Principal investigator(s)
Martin Klein
Amsterdam, Netherlands
, Jaap Reijneveld
VU University Medical Center / Amsterdam Medical Center
Amsterdam, Netherlands
Project coordinator(s)
Ivan Caramanna
Amsterdam, Netherlands

Project summary

In glioma patients the correlation of self-rated cognitive abilities with HRQOL was never compared with that of objective abilities, nor has the concomitant influence of tumor- and treatment-related and demographic variables ever been taken into consideration. Furthermore, studies on the impact of cognitive functioning on differences between HRQOL-ratings by patients and proxies show contradictory results. On these grounds, given the significant risk of cognitive impairment in brain tumor patients, this study aims at clarifying the impact of self-awareness of cognitive deficits and objective cognitive deficits on self-reported HRQOL and to evaluate if such an impact is a by-product of tumor- and treatment-related variables. Perceived and objective deficits are expected to affect HRQOL differently.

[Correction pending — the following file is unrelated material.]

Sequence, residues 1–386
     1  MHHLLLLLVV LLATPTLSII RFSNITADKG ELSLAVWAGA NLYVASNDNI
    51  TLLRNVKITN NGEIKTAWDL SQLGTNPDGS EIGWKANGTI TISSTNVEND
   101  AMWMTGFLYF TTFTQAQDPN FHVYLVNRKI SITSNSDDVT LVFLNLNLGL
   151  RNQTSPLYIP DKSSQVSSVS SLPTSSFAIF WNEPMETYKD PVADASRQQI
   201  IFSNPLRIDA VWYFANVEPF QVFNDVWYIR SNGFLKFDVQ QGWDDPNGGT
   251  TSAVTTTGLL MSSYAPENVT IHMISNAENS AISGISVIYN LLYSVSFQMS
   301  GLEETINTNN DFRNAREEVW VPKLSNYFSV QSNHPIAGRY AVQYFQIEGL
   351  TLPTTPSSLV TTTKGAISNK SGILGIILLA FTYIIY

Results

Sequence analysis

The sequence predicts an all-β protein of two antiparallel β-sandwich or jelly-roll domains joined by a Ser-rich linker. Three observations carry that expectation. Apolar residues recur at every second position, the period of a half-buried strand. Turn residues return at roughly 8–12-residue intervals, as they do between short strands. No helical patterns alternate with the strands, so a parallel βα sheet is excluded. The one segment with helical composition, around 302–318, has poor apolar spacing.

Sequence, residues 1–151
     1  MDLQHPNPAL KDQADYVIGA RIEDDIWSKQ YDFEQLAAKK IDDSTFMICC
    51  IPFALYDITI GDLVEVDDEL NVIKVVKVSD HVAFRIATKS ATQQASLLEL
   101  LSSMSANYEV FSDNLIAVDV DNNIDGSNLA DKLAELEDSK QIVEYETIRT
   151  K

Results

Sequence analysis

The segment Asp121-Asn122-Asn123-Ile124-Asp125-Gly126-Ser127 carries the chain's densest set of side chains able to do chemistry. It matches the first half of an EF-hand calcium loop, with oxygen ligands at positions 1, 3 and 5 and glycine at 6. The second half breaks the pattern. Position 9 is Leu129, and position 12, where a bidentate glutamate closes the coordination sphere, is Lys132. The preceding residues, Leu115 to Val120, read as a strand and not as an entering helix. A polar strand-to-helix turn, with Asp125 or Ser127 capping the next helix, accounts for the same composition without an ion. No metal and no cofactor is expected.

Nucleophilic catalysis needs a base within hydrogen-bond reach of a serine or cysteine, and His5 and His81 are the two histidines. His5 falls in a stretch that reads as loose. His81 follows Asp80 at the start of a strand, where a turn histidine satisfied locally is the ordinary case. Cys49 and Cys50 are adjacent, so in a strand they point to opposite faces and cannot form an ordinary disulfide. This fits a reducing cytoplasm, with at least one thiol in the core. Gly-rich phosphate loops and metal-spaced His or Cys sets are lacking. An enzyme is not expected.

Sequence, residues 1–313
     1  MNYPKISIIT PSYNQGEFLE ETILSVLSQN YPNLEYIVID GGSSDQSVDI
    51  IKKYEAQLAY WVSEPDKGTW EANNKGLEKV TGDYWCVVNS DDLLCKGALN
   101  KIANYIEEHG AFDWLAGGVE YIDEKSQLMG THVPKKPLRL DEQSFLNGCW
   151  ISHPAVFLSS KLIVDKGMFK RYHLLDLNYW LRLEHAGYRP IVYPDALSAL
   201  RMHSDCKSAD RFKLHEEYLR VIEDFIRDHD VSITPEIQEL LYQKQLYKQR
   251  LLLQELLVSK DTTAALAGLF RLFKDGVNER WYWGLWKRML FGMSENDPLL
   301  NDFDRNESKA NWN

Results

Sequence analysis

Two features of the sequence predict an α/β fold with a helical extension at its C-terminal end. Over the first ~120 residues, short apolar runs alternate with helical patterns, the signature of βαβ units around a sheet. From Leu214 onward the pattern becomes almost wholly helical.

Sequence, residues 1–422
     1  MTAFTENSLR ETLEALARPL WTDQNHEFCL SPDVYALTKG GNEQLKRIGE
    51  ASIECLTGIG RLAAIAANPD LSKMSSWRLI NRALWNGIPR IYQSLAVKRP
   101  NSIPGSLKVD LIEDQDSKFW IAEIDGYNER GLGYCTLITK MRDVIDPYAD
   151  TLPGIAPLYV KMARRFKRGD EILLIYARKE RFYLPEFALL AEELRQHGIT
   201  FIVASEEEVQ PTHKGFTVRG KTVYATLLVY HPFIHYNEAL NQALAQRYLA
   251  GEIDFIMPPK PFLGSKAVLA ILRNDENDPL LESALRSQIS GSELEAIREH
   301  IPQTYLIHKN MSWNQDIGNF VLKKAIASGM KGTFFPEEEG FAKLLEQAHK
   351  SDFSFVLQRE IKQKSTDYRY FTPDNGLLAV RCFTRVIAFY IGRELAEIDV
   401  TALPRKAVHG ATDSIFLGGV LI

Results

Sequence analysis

First manuscript under review, second manuscript ready to be circulated and third one in progress.

Future plans

Second manuscript will be submitted to journal as soon as reviewed, third one will follow

For patients

It is common for people having a brain tumour to struggle to concentrate or pay attention as well as not to behave anymore as before the tumour. The health-related Quality of Life score measures how physically and mentally someone is feeling during treatment. We want to know if  what is happening to them and being aware of it could influence the way patients report their health-related quality of life.